Handling stress- be aware, natural response is fight or flight, exercise, meditation, some level of stress, restructuring thoughts (cognitive restructuring), assess own emotional state.
Ethical principles of self care in practice:
- Respect for dignity and self worth
- Responsibility for self-care
- Self-care and duty to perform
Standards of humane practice of self-care:
- Universal right to wellness
- Physical rest and nourishment
- Emotional rest and nourishment
- Sustenance modulation-self restraint with regard to how much is consumed
Standards for expecting appreciation and compensation
- Seek, find and remember appreciation from supervisors and clients
- Set deadlines and goals
- Generate strategies that work and follow them
- Strategies for letting go of work
- Make a formal, tangible commitment
- Set deadlines and goals
- Generate strategies that work and follow them
- Strategies for gaining a sense of self-care achievement
- Strategies for acquiring adequate rest and relaxation
- Strategies for practicing daily stress reduction methods
Resilience at the Personal Level
3 steps to self-care:
Road to resilience
Resilience is the process of adapting well in the face of adversity, trauma, tragedy, etc. Resilience is ordinary. Resilience is not a trait that people either have or don’t have. It involves behaviors, thoughts and actions that can be learned and developed in anyone.
Emphasis on workplace stress encouraged people to feel like helpless victims. It has people identifying the source of the extreme pressures they experience. This is wrong. It lacks awareness that in pressure filled jobs people can choose to cope well or react like victims.
Research conducted by Mary Steinhardt found that employees who perceived their jobs as full of stress were the least resilient employees. Employees who use problem-focused coping in their constantly changing working environment were the most resilient. Positive numbers indicate the strength of a positive relationship; minus numbers indicate a negative relationship.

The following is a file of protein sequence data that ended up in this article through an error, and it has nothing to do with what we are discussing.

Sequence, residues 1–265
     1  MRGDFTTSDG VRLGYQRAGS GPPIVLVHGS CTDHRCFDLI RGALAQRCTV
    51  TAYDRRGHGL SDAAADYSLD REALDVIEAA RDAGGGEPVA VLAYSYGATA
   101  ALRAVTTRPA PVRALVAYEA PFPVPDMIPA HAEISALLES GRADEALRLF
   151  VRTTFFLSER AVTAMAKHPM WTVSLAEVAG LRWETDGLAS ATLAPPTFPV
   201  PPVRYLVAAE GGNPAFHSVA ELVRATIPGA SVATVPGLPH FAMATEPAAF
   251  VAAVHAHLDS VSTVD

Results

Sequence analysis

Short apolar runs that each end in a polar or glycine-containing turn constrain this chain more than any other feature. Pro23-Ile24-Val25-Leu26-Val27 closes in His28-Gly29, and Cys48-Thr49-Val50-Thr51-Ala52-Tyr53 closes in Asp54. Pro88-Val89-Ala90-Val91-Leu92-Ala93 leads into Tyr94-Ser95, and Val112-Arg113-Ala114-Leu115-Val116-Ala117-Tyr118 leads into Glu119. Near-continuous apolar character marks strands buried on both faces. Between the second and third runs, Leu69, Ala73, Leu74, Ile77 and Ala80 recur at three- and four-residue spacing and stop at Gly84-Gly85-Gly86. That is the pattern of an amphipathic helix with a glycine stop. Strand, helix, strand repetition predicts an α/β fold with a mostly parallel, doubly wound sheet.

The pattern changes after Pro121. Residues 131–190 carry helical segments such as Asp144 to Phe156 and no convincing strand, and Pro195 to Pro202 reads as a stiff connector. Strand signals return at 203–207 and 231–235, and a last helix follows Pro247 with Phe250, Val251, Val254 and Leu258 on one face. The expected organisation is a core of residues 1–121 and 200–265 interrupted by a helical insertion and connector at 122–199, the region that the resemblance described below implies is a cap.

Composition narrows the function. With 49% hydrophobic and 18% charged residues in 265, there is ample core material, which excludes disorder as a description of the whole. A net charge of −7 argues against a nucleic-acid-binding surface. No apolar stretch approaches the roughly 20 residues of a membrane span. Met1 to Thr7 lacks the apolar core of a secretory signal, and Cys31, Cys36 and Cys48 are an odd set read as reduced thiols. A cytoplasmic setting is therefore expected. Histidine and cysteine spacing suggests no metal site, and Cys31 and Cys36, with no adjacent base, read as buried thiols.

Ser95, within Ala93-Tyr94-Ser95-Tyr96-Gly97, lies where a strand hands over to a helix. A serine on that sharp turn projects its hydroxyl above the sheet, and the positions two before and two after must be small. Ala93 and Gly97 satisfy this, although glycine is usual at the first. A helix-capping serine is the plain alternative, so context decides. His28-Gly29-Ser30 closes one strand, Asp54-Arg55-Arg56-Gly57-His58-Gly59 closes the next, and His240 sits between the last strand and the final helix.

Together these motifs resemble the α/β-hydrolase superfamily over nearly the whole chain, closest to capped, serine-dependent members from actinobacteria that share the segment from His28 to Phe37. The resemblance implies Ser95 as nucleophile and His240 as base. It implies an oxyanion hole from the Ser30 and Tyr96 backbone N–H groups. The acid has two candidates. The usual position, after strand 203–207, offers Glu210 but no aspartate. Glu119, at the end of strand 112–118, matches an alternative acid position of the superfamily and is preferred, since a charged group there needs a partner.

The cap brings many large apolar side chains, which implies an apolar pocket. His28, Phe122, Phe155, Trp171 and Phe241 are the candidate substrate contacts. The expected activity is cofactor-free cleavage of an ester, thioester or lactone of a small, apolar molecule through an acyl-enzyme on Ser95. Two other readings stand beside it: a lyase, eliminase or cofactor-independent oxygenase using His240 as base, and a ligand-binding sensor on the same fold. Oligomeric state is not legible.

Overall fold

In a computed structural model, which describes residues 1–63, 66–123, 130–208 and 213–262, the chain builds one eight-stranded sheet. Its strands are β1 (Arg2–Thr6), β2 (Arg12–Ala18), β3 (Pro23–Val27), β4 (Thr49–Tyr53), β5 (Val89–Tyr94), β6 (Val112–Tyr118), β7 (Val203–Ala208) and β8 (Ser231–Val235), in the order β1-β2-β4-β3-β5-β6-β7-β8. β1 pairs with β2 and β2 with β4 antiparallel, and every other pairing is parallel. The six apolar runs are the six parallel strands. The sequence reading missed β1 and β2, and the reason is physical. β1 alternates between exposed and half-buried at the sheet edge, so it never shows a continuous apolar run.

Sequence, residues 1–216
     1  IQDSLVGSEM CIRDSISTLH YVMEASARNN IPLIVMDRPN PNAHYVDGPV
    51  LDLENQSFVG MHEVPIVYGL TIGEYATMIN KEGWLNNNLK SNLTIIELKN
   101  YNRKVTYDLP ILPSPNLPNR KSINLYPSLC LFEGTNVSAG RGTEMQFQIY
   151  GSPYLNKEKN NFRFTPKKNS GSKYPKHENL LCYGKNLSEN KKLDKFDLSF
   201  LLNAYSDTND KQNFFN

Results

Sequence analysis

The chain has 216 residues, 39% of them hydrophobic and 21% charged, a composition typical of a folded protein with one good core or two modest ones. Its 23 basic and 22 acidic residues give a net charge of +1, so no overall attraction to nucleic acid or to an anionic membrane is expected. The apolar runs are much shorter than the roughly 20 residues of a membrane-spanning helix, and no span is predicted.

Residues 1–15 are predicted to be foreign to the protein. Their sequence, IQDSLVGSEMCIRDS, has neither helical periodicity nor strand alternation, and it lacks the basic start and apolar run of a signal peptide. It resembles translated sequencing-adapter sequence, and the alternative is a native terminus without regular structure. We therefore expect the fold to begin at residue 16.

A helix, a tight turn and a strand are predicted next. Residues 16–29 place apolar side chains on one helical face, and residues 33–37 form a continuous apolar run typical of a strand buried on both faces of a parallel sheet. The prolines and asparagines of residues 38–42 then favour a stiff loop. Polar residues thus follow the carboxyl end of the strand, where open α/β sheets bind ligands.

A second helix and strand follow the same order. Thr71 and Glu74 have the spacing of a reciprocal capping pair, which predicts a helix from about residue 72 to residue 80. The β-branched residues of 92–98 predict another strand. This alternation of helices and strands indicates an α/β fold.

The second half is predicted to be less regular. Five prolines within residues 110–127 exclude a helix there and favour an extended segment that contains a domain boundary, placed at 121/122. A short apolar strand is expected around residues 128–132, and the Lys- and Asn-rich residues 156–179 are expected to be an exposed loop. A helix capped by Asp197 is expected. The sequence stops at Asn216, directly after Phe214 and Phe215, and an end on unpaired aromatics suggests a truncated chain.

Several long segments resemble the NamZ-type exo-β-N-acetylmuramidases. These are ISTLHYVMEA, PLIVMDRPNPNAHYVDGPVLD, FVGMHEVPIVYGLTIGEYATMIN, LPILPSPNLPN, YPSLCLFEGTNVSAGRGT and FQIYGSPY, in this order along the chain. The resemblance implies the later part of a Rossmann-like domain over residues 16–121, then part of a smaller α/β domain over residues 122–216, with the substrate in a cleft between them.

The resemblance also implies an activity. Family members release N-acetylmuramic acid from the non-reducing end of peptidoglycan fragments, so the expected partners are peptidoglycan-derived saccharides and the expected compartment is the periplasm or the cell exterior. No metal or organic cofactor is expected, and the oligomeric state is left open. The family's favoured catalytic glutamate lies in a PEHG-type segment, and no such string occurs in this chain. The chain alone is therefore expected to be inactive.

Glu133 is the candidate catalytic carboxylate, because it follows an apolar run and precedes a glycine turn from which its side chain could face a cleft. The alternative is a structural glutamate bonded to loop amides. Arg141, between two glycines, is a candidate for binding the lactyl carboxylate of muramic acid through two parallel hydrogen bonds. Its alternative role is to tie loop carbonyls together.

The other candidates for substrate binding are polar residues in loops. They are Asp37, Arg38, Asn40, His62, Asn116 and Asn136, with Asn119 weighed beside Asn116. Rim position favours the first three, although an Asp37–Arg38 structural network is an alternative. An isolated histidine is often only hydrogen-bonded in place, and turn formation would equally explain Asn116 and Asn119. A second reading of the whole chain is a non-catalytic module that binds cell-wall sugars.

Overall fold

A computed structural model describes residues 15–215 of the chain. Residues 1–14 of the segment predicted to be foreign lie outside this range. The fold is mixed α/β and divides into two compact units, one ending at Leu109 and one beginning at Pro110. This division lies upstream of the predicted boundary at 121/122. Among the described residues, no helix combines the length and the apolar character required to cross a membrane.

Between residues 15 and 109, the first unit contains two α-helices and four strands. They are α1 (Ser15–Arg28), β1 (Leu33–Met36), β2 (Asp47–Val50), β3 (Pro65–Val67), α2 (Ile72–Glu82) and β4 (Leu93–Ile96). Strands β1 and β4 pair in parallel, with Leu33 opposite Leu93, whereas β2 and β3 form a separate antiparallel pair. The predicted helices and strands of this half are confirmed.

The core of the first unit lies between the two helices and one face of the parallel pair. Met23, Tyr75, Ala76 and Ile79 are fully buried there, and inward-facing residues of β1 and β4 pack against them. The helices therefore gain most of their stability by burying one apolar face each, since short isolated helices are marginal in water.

Five levels of resiliency are:
- Maintaining your emotional stability, health and well being
- Focus outward: good problem solving skills
- Focus inward: strong inner “self”
- Well developed resiliency skills
- The talent for serendipity
Some factors in resilience:
- Having caring and supportive relationships within and outside the family
- Capacity to make realistic plans and take steps to carry them out.
- A positive view of yourself and confidence in your strengths and abilities.
- Skills in communicating and problem solving
- Capacity to manage strong feelings and impulses
Developing resilience is a personal journey.
Ten ways to build resilience:
- Make connections
- Avoid seeing crises as an insurmountable problem
- Accept that change is part of living
- Move towards your goals
- Take decisive actions
- Look for opportunities for self discovery
- Nurture positive view of self
- Keep things in perspective
- Maintain hopeful outlook
- Take care of yourself
Resilience involves staying flexible.
Effective relaxation and stress management techniques:
- Breath work
- Visualization/guided imagery
- Progressive relaxation
- Emotional freedom technique
Breath work will help relieve anxiety, depression, irritability, muscle tension, headaches, and fatigue.
Visualization will alleviate headaches, muscle spasms, chronic pain and anxiety.
Safe place visualization:
Visualize a place that is peaceful, secure, and joyful. Use as many senses (hear, see, smell) as you can. Focus on comfort, safety and peacefulness.
- Establish posture
- Center self
- Close eyes or fix on spot on the floor
- Focus attention on each breath
- Count each exhale breath in cycles of 4
- If mind wanders, focus back
Progressive muscle relaxation relieves muscle tension, anxiety, insomnia, fatigue and tension. Some examples are: curl both fists; wrinkle forehead; arch back; curl toes; tighten calves, thighs and buttocks.